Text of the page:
Disraeli used his time in opposition to good effect utilising all his political skills and powers of persuasion to rise rapidly through Conservative Party ranks becoming the leader of the party in the House of Commons, a position of prominence that made him a difficult man to overlook.

This was no mean feat given the proclivity of his enemies to beat him with the proverbial stick of his Jewish origins and all the perceived negative traits this entailed – money grubbing, casuistry, deceit, and louche behaviour.

Disraeli took all such abuse on the chin not that his forbearance in such matters indicated a forgiving nature for he understood well-enough the brutality of politics and would respond accordingly when required:

“There is no act of treachery or meanness of which a political party is not capable; for in politics there is no honour.”

Gladstone, by contrast, though political to his fingertips would from time-to-time display an unwillingness to engage and opposition bored him. He decided to indulge other pursuits, in particular his ‘calling’ to improve the morals of mankind and to do God’s Work.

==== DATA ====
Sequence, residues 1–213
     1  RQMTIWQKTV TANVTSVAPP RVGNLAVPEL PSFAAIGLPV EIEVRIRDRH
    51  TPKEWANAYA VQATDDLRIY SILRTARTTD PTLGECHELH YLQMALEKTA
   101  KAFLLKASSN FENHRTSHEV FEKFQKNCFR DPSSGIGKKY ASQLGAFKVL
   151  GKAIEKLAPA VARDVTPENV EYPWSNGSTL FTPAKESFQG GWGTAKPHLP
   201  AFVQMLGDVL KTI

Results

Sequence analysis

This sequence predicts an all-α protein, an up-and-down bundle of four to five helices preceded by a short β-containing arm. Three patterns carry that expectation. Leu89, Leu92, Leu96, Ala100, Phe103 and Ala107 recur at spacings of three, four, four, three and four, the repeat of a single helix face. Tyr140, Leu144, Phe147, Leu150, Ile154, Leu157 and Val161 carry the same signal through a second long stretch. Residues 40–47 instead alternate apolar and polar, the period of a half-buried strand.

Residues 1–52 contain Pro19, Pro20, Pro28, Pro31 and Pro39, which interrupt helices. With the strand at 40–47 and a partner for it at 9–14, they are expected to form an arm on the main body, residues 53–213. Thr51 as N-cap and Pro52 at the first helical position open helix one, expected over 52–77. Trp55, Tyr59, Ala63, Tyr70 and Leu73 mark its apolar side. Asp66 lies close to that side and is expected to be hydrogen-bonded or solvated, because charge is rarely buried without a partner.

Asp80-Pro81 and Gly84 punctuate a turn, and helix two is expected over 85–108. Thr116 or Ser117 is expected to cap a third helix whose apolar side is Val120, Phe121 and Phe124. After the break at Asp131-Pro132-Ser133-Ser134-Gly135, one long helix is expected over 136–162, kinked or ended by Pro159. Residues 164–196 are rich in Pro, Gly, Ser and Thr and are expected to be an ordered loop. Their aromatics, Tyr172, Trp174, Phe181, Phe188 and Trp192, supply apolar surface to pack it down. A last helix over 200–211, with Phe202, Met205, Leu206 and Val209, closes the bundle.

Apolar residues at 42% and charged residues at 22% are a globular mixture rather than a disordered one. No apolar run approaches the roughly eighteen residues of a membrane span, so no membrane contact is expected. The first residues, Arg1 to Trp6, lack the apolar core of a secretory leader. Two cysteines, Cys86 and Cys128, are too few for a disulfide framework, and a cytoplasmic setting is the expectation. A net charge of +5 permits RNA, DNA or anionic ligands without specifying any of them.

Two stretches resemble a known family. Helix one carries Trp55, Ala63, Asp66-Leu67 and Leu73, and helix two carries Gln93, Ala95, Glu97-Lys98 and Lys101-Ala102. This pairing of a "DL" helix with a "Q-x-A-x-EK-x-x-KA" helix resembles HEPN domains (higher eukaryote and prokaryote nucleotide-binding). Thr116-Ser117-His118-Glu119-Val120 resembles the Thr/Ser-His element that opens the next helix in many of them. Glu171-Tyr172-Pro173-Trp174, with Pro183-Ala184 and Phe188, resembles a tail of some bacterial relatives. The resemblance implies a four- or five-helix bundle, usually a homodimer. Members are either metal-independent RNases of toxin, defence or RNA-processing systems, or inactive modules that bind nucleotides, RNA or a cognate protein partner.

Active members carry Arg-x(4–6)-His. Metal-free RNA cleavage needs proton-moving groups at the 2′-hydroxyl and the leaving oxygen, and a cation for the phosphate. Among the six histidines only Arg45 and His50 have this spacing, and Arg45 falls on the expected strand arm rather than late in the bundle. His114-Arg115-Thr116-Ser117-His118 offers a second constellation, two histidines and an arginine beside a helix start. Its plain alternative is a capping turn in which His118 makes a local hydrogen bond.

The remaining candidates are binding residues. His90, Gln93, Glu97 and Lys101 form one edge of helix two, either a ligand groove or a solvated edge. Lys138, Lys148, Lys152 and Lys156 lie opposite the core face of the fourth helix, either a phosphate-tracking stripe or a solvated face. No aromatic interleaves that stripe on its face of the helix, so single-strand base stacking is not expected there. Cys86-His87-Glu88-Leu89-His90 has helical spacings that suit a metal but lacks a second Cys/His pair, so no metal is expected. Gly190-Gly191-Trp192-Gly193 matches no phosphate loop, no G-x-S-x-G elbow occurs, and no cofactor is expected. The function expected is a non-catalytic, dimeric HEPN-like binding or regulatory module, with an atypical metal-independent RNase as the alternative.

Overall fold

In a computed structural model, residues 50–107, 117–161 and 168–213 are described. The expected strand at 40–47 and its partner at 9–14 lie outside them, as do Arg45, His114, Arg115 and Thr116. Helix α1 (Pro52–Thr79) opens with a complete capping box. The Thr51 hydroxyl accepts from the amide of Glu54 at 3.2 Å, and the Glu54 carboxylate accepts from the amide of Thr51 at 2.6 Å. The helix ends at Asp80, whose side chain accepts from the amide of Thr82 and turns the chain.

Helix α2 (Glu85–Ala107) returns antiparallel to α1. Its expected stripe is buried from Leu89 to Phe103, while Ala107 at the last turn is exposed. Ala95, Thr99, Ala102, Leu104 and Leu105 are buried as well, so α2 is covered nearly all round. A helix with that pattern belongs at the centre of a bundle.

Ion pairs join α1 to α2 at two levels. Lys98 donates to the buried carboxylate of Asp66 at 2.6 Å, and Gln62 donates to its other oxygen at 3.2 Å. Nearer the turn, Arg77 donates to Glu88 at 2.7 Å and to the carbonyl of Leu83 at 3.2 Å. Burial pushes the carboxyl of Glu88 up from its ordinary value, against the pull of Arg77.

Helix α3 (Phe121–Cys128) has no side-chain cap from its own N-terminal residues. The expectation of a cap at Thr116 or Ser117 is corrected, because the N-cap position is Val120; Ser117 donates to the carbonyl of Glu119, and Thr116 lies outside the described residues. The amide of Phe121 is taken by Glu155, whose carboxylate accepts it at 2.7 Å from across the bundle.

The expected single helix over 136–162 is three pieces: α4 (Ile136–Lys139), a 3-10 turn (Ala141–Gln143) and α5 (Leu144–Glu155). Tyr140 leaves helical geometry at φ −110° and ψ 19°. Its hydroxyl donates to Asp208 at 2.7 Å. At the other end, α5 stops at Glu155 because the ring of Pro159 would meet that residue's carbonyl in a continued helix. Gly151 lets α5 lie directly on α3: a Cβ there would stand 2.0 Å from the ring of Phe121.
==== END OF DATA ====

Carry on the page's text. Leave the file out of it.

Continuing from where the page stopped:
In 1848, he founded the Church Penitentiary Association for the Reclamation of Fallen Women, an abiding interest of his.

Money was raised to support establishments that would provide for a fallen woman’s education and imbue them with the moral discipline that would save them from the path of sin but Gladstone himself preferred a more hand’s on approach.